• J.S.A. § 2C:29-3 – This statute addresses “hindering apprehension or prosecution.” There are no fewer than seven distinct grounds on which a person can be charged with this crime, one of which includes hiding somebody from the police.  Another basis for this charge is suppressing or destroying any evidence which could lead to the suspect being apprehended, regardless of whether that evidence is actually admissible.  Critically, N.J.S.A. § 2C:29-3(7) makes it a crime to “give false information to a law enforcement officer,” which couldn’t be clearer.
    • Certain offenses under this statute are graded as DP offenses, while others are graded as fourth, third, or second degree crimes.

policeman arresting criminal

Penalties for Tampering with Evidence or Showing a Fake ID to the NJ State Police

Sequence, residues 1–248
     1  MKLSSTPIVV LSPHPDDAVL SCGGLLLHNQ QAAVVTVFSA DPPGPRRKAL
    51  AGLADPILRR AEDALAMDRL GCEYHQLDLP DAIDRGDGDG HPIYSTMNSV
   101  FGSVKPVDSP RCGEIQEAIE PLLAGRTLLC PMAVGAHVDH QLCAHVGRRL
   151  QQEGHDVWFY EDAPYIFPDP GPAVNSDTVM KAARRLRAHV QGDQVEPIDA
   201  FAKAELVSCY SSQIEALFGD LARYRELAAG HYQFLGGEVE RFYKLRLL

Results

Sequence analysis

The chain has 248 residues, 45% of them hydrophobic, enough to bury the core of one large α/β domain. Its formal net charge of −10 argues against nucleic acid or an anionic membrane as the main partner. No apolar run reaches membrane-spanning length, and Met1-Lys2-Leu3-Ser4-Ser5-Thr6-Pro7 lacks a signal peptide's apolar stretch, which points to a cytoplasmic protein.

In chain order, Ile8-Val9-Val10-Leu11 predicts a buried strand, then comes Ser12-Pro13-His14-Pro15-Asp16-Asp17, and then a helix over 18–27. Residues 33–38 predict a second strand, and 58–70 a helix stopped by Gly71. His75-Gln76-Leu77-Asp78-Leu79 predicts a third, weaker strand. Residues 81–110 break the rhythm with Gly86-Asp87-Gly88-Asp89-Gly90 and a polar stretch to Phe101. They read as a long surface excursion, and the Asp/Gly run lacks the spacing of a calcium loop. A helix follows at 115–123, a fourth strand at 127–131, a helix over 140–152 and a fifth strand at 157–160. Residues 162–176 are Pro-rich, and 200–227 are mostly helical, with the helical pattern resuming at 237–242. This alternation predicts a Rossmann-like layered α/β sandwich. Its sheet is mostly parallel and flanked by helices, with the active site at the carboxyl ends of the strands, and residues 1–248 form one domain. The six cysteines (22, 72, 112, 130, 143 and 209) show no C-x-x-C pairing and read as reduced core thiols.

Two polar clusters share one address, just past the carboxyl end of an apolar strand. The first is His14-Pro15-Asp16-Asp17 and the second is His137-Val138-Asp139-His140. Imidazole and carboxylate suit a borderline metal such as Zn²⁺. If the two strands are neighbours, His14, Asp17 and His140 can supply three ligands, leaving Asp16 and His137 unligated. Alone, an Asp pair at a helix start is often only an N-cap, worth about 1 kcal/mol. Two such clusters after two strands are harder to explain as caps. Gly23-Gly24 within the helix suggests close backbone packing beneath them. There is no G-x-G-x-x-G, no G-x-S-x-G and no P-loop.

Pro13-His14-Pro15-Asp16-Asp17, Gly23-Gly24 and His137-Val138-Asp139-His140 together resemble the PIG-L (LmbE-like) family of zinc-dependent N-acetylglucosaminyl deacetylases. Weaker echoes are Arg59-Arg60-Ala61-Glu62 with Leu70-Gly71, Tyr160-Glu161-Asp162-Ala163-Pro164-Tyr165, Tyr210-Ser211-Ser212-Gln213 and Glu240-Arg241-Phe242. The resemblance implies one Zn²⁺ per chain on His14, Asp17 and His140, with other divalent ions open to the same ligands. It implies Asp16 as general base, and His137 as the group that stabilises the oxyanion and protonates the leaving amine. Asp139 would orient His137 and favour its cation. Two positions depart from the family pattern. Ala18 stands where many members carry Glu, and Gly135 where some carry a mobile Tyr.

Telling a lie to an officer’s face isn’t the only way you can get into legal trouble for providing law enforcement with false information.  You can be criminally charged for interfering with any aspect of a criminal investigation, such as using a fake ID or pressuring a witness to change their story.

  • J.S.A. § 2C:28-7 – This statute addresses “tampering with public records or information,” which has a broader meaning than you might initially think. For instance, one aspect of this offense is “mak[ing], present[ing]… or us[ing] any record, document or thing knowing it to be false,” which means that showing an officer a fake ID is illegal.  This also means it’s illegal to use a fake ID (or someone else’s ID) to buy alcohol or get into a bar or club.
    • An offense under this statute may be graded as a DP offense, a fourth degree crime, or a third degree crime, depending on the circumstances. For instance, a DP offense could rise to a third degree crime if its purpose was to injure or defraud someone.